As an American, I have a deep appreciation for journalism and those who practice it. Journalism is fundamental to a successful democracy, and I expect there are many Americans who are grateful, as I am, for the hard work of the reporters who dog the events of our time so that they can shine the light on the inner workings of government and other institutions that affect how our society operates.
Sadly, the businesses that have traditionally sustained the practice of journalism are themselves unable to sustain the business models that keep them in business. How many people do you know who get the news via Twitter, Facebook, Yahoo, John Stewart and Stephen Colbert? How many people do you know who still get a newspaper delivered to their homes? How many people do you know who watch the evening news on TV? These questions and their ilk are keeping many very smart people awake at night as they fret about what journalism in the twenty-first century will be.
Journalism and education have much in common, and not just because they are both in dire straits in this country. While it is the responsibility of journalism to inform us about the world around us, it is education’s purview to help us learn about, navigate and succeed in that same world. Each discipline is fundamental to a well-informed and productive citizenry. Further, each requires active and willing consumers to achieve its goal.
There has been a lot of buzz in recent years about online games for learning. Learning professionals and consumers alike have begun to see the utility of incorporating games and game mechanics (techniques) into learning programs. Experimental schools that incorporate games into their curriculum are popping up around the country. University programs are coming online that focus on game design and development for both entertainment and education. The value of play as a component of the learning process is being recognized in many corners of government and industry.
Our journalism colleagues are starting to take notice of games for learning, and are beginning to wonder whether game mechanics might have a place in the news business. Funded by the John S. and James L. Knight Foundation, Ian Bogost and his team at Georgia Tech are looking at “ways videogames can be used in the field of journalism, providing examples, theoretical approaches, speculative ideas, and practical advice about the past, present, and future of games and journalism.” (http://jag.lcc.gatech.edu/) BBC has released several games that help young people understand complex topics in the news. Newsgaming.com, a Uruguayan game company, uses videogames to “analyze, debate, comment and editorialize major international news.” (http://www.newsgaming.com/index.htm). Impact Games, a game development house in Pittsburgh (and the people who brought us “PeaceMaker”), has launched “Play the News,” a web-based platform that brings interactive gaming elements to the online news industry with the intent of changing the paradigm of news consumption from passive reading to active engagement. (http://impactgames.com/)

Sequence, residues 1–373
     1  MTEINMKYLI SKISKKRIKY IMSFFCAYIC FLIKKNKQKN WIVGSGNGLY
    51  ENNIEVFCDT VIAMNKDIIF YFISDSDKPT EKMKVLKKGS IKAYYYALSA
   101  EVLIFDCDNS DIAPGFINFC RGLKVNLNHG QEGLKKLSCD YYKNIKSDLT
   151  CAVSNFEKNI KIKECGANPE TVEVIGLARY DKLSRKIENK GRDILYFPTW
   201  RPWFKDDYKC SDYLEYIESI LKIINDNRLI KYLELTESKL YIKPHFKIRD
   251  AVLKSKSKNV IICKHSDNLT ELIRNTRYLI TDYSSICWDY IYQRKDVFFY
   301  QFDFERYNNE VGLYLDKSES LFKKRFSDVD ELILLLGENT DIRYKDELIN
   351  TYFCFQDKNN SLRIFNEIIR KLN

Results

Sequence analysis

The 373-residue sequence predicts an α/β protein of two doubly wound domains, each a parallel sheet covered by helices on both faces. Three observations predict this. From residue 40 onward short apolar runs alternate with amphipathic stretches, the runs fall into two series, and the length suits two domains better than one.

I’m pleased to tell you that I will be joining the pursuit of the sweet spot at the intersection of games, education and journalism. Next month, I begin a fellowship at the Reynolds Journalism Institute at the University of Missouri’s School of Journalism. My work will focus on 1) using game mechanics within journalism education, and 2) designing games to support journalism’s community of practice, particularly the bourgeoning community of citizen journalists around the world. I will be examining such wide-ranging topics as:
The role of social networking in the practice of journalism
Content management – can journalism benefit from the concept of “reusable/repurposable content”?
Is journalism becoming a new form of personal/interpersonal expression?
What kind of social economics are embedded in journalism? Explicit and tacit?
How is workflow changing in this era of new new media? [Bill: yes, I mean new new]
Is the role of news consumer changing? How?
I invite you to join me on this journey. I will be reporting here about my experiences, observations and learnings. As always, I look forward to your insights and recommendations.